Faculty and students in the UTC Department of Mathematics have been hard at work using their backgrounds in Mathematics to research and study Covid-19. The research is varied and has studied several aspects of the virus and its transmission.
Dr. Lani Gao worked with graduate student Gage Plott and undergraduate students Chris Tompkins, Andrew Calkin and Jenni Smithson to develop statistical methods to investigate the association between comorbidities and morbidity and mortality of COVID-19 patients with heart failures and hospitalized in Erlanger hospital from March 2020 to February 2021. The results indicate that older patients with Venous thromboembolism, PAD, asthma and stroke had significant longer hospital length of stay. And Older patients with DVT/PE and Drug use history have significantly higher risk of in-hospital mortality. They will present this work on UTC Research Dialogue Day in April 2021. This research project is supported by BRIC Gao and NSF HDR DSC # 1924278.
Gao (with Dr. Greg Heath, etc. ) submitted a paper titled “Maintaining Quality Acute Stroke Care during the COVID 19 Pandemic”. They conducted analysis data from Acute stroke consultations seen by Telespecialists, LLC physicians in 171 hospitals (19 states) from December 1, 2019 to June 27, 2020. And they compared pre-COVID (December 1, 2019 to March 14, 2020) and COVID groups (March 15, 2020 to June 27, 2020). The result shows the quality of acute stroke patients is significantly dropped during COVID pandemic.
Maame Akua Korsah, a graduate student in the Department of Mathematics, defended her M.S. thesis in March 2021. For her research project, Aqua constructed a mathematical model to study the transmission and spread of COVID-19. She used data from both China and the United States to validate her model. Her findings indicate that the implementation of health education and disease awareness programs, in addition to other non-pharmaceutical intervention methods such as social distancing and mask wearing, is an effective approach to slow down the spread of the coronavirus disease.
Dr. Panagiotou has been working with Tuskegee University student Quenisha Baldwin and have submitted two papers for publication. The research is on how the novel coronavirus SARS-CoV-2 infects human cells using a mechanism that involves binding and structural rearrangement of its spike protein. Understanding protein rearrangement and identifying specific residues where mutations affect protein rearrangement has attracted a lot of attention for drug development. They use a mathematical method to associate a local topological/geometrical free energy along the SARS-CoV-2 spike protein backbone. Our results show that the total local topological free energy of the SARS-CoV-2 spike protein monotonically decreases from pre-to post-fusion and that its distribution along the protein domains is related to their activity in protein rearrangement. By using density functional theory (DFT) calculations with inclusion of solvent effects, we show that high local topological free energy conformations are unstable compared to those of low topological free energy.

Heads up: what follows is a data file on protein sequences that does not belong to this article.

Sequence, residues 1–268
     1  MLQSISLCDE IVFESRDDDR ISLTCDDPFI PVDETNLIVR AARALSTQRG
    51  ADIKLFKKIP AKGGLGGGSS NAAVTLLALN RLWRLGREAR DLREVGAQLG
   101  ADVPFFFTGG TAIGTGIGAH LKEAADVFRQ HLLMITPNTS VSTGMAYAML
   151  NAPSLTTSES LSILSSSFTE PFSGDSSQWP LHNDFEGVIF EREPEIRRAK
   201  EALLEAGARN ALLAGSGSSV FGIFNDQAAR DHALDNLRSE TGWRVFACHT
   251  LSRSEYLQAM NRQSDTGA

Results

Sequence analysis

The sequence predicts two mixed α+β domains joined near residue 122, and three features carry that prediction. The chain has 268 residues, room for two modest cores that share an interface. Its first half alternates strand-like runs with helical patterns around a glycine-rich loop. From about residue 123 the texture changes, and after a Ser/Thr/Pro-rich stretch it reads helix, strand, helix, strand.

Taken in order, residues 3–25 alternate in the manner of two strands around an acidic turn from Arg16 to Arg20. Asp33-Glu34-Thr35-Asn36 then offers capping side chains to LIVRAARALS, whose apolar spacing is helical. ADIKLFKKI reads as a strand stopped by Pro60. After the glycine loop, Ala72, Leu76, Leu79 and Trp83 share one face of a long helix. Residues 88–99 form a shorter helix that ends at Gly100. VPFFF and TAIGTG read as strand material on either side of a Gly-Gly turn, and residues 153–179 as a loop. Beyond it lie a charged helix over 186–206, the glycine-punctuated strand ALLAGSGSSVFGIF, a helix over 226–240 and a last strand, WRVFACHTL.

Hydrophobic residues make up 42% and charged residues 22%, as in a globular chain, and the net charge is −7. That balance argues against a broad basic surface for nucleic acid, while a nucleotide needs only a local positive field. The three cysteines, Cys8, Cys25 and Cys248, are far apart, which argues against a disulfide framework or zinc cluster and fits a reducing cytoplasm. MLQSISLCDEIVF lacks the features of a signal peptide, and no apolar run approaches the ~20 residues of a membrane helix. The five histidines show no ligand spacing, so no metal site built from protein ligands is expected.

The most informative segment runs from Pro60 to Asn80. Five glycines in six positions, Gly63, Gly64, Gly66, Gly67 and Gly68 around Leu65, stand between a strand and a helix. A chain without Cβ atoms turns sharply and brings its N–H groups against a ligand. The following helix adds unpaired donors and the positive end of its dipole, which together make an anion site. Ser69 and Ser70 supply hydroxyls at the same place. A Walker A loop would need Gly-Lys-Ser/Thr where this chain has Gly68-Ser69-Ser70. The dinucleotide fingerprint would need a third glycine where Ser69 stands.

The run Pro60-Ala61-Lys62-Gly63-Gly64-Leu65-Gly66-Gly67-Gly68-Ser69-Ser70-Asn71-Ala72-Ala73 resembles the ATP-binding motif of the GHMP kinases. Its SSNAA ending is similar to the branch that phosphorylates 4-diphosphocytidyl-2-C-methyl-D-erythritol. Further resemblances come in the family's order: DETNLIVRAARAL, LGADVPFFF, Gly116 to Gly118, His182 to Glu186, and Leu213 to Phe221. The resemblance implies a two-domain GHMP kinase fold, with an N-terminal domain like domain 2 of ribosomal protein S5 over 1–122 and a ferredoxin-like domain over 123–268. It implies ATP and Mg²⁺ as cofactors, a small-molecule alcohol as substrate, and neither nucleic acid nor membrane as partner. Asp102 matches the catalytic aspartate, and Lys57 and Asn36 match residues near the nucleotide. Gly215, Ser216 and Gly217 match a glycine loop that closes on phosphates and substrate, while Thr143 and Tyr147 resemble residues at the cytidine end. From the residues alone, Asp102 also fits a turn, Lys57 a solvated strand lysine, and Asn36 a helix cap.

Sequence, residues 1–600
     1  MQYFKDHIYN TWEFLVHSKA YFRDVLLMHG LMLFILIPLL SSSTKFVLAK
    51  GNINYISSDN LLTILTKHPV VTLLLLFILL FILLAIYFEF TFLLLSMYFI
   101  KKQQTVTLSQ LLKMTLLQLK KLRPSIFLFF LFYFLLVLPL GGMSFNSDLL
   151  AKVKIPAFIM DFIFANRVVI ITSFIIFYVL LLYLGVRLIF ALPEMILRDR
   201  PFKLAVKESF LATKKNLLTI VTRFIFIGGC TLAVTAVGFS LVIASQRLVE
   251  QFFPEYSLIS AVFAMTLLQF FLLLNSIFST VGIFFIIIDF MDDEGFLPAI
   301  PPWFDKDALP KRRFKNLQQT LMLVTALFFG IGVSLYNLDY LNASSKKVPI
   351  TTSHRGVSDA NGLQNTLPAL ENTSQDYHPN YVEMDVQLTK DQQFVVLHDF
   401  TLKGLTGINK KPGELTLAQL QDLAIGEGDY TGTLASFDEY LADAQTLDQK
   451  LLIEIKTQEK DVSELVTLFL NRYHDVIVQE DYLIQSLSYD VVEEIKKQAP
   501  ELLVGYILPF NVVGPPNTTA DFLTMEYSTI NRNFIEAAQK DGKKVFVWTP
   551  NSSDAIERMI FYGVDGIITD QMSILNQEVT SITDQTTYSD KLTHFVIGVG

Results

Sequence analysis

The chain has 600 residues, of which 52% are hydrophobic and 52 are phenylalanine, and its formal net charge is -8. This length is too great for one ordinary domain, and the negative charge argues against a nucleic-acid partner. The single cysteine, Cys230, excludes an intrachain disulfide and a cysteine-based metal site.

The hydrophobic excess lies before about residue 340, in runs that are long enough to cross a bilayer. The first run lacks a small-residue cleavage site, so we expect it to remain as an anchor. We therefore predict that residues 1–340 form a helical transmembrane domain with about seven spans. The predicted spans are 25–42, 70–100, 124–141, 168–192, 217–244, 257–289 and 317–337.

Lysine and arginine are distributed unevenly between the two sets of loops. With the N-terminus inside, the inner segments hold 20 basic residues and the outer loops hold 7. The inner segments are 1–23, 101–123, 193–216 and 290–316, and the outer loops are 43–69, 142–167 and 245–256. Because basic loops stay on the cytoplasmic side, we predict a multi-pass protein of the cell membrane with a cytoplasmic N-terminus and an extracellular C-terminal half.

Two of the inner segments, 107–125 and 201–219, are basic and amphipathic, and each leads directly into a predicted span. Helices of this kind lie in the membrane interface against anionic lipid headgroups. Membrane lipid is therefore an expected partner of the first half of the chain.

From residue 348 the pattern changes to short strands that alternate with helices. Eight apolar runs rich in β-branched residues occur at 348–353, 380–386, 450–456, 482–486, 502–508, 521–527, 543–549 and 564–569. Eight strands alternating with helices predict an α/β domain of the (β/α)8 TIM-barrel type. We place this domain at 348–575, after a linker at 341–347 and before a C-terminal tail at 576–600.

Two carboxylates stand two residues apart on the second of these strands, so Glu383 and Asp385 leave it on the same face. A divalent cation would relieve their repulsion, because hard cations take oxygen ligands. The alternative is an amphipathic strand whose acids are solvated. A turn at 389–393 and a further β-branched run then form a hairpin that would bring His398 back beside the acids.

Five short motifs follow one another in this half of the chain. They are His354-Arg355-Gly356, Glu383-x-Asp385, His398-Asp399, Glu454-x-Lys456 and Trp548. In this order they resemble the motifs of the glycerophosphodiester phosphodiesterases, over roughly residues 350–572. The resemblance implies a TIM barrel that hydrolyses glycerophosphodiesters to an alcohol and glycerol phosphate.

Panagiotou is also working on a project with the Oak Ridge National Laboratory and has submitted one paper based on this research. The researchers use the quantum chemical density-functional tight-binding (DFTB) method to perform geometry optimizations for 8840 binders from the SWEETLEAD database and perform a topological analysis for their binding interactions with the SARS-CoV-2 Spike protein using Vina scores determined through a combination of classical molecular dynamics and docking simulations in a recent paper. Our results show a decrease of the Vina score with increasing Average Crossing Number of the ligands. We also find a decrease of the Vina score with the maximum linking between segments of the ligands and a decrease of the Vina score with the maximum local torsion in a ligand. These results suggest that ligands with inflection points and local turns are stronger binders than at binders. These results suggest that topological analysis provides a potentially efficient screening tool for strong binders.